Leife Shallcross writes beautifully, and there is a great deal of charm in the depiction of the Beast and his longing for friendship and love. The Beauty of the tale is also brought to life with depth and complexity. She is called Isabeau, which is a name I love (I called the heroine of my own debut novel Isabeau too!)

I also loved the depiction of the Fairy and the unexpected reasons for her casting the curse.

There has been a fashion in recent years for depicting fairy-tales as dark, violent, and sexually charged fantasies, but I prefer this more lyrical and romantic style. The action of the plot unfolds slowly and sensitively, and time is taken to bring the magical world vividly to life.

A compelling and surprising retelling of ‘Beauty & the Beast’, this debut offering from an Australian author is filled with peril, darkness, romance and beauty. Utterly enchanting!

You might also be interested to read my post about my favourite fairy tale retellings.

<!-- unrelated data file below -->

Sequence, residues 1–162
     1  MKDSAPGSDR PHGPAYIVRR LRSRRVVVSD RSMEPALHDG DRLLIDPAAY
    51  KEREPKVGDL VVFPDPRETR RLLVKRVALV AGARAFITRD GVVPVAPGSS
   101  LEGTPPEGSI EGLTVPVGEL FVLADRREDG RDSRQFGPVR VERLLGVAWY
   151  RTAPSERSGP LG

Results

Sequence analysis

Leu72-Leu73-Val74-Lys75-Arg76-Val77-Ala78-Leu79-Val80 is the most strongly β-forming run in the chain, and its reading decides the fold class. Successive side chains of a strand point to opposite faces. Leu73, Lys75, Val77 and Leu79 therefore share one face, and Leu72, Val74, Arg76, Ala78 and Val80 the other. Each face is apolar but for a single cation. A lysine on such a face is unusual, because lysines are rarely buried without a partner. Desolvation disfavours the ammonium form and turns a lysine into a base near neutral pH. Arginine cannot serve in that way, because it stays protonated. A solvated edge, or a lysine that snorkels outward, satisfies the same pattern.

I was lucky enough to interview Leife Shallcross for the blog this week, you can read it here.

Please leave a comment, I love to hear your thoughts.

INTERVIEW: Leife Shallcross

Saturday, June 09, 2018


Today I welcome Leife Shallcross author of The Beast's Heart, to the blog.

Are you a daydreamer too?
Ohhhhh yes. Incorrigible. I think it's a really important part of being a storyteller! My desire to write stories is absolutely rooted in the (possibly excessive) daydreaming I indulged in as a kid. I can even remember the moment I decided to try turning my daydreams into actual stories! That yearning to escape into a daydream is what drives all my stories and underpins my reading choices. I still daydream all the time - and, in fact, I've discovered recently just how important it is that I make time in my life for daydreaming (having a book published soaks up your spare time in a thousand different ways and I'm only just realising how much I need to protect that precious "quiet time" for my dreaming mind.)

Have you always wanted to be a writer?